Baby massage is a great way to help calm, relax and bond, not only for your baby, but for you too!!  As an extension of our instinct to nurture and touch, it’s a good idea to begin massage from birth using gentle strokes. Babies younger than six weeks benefit from a shorter sessions of 5-10 minutes as they may be sensitive to stimulation, although do bear in mind that some babies may not like being naked for very long until they’re around six to eight weeks old.

Once your baby is able to have short relaxed periods in his day, a longer massage will help to relax both of you and provide special time together.

Get prepared

  • The best time to practise massage is between feeds when your baby’s tummy isn’t full or after a bath when he’s warm and uncomfortable.
  • Make sure the room is warm and draught free and that your hands are clean and warm
  • Keep some towels nearby so you can cover parts that aren’t being massaged so he doesn’t get cold
  • Don’t forget to have a nappy and some wipes to hand
  • You could massage on the bed or floor on some large, soft towels whatever’s comfortable for your back
  • Use a vegetable base oil such as grape seed, sesame or almond oil. There are also commercial baby oils specially created for babies.

How to do Baby Massage

Remember that baby massage is something all parents can do without expert tuition, all you need is a warm pair of hands and some time! Just put some oil on your hands and start with long sweeping strokes down across your baby’s body. Try not to break contact and repeat this motion up his body. Keep the pressure gentle but firm and then just do what’s intuitive and be guided by your baby.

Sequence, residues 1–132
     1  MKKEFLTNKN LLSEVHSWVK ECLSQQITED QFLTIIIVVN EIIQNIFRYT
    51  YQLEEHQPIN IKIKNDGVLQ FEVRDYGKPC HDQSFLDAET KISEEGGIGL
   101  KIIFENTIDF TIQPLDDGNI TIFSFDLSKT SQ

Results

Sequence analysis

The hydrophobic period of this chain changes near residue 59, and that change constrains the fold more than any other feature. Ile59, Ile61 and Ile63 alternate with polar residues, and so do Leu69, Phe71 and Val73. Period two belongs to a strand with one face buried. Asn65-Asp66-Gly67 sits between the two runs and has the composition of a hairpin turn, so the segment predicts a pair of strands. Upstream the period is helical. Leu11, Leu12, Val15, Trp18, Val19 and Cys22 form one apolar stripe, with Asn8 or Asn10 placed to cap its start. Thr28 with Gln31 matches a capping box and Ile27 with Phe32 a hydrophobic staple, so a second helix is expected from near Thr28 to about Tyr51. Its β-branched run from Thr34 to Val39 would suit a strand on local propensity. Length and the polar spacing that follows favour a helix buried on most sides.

Massage often forms part of Parentcraft classes and you can look for baby massage classes in your area, your health visitor is likely to have details. There are also lots of books, websites and videos explaining how to massage.

When shouldn’t baby massage be performed?

There are times when it would not be appropriate to massage your baby. These include;

  • During acute infections such as fever, sickness, and diarrhoea
  • If he has undiagnosed lumps and bumps
  • If he has any contagious disease
  • If he is suffering with any serious skin complaints, open sores or inflammation.
  • Following surgery
  • If he has clicky hips, epilepsy, heart or lung problems
  • For the first 72 hours after immunisation.

You should consult your medical professional before practice if your baby is on medication or has any serious medical condition.

You may also feel that there are other times when it is inappropriate to massage your baby. You should always listen to your instincts when deciding whether practice is appropriate.

Baby Massage: Top Tips

  • Don’t get hung up on the routine. Listen to your baby and use your instincts.
  • Don’t massage if your baby is unwell, has recently had vaccinations or has just had a feed.
  • Use the routine at home, after the bath is a nice time as it helps you both unwind and can help the baby to sleep better.
  • Use plenty of oil and remove your jewellery.
  • Don’t worry about doing it ‘wrong’. You can’t! Each baby and carer are different. Gently touching and being with your baby will benefit you both.
  • Relax. Don’t worry if your baby cries, just cuddle them and respond to their needs. It may be that you need to try later or another day.
  • Be responsive to their body language and non-verbal cues. They will tell you what you need to know. They may just want their feet massaged today or not want to be on their front – it’s all Ok.
  • Use this time wisely. It’s lovely one-on-one bonding time. Don’t get too upset if your baby isn’t interested today.